Indeed I am aware of the other artificial moon impacts and the science obtained from them (seismic and so forth). And, what the heck, I’m still going to rate this as the “worst” as I don’t think much will be learned from it.

    Nonetheless, it was a Simpson’s reference (I get the sense you dont watch much TV). NASA (and you for that matter) have always been tone-deaf in matters of public involvement. That post impact news conference needed a “Hollywoodized” director.

    You clearly have a passion for science education. I suggest you meet the rest of us “fools” half-way if you want to share it.

  94. Expat Stu

    Funny, no sign of that manned lunar base that Richard Hoagland so confidently said was at the impact site, on Coast to Coast AM. That would be the one that was put up there by the sinister supra-national conspiracy, using anti-gravity technology.

  95. At Cabeus did NASA geeks,
    A swifty Centaur rocket hurl,
    Where dust, and mayhap water reeks,
    ‘Pon craters numberless, and peaks,
    Under the cosmic whirl.

    Sent twice two tons of massy metal,
    To feel out lunar soil’s fettle.
    And also careful cameras set,
    To record impact on lunar rill,
    Ensure the wants of public met,
    Make time long record of the thrill,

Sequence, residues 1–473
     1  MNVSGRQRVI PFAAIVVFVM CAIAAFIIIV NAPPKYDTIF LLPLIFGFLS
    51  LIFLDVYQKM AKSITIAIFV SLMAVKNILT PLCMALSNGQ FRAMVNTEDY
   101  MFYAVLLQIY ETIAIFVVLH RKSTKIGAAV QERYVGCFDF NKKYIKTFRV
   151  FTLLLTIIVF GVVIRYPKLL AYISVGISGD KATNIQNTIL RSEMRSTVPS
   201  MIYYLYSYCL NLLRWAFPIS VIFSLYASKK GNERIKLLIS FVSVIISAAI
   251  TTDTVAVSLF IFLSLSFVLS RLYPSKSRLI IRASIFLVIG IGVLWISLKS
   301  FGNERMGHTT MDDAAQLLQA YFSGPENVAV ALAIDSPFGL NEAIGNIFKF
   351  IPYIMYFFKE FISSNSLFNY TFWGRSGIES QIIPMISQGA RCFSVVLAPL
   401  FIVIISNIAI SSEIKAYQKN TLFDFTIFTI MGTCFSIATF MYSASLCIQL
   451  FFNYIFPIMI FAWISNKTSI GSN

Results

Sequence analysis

Assure sunny days for budget till.

    But, oh! When stopwatch ended countdown,
    To indicate the mighty crashdown,
    Appeared no hint of fiery flash down,
    There on Selene’s apparition.
    Were the cameras to be faulted,
    For missing flash on Moon assaulted?
    Or had some Lunar Politician,
    Told a junior lab technician,
    Strip down that leftover techy thing,
    From building that new Saturn ring,
    Set a force field strong and watchful,
    Stop this arrogant Earthly mission,
    Enough of supine swallowing guff,
    Set a force field strong enough,
    Halt this impudent Terrine bull,
    Teach those Earthlings they’re not hot stuff!

  96. Anchor

    Spectral: “Wow Anchor, I bet you are a riot at parties.”

    Me: I manage.

    Spectral: “And, what the heck, I’m still going to rate this as the “worst” as I don’t think much will be learned from it.”

    Me: What the heck. I’ll still dismiss your “rating” a flop. “Rating” a science experiment (or an artwork for that matter) is an evaluation based on nothing but personal taste as calibrated by a reference to potential monetary worth. It’s mere marketing analysis, score-keeping. Like film ratings. Top 10 listings. Flavor-of-the-month stuff. And I remain confident that plenty of science will be learned from LCROSS.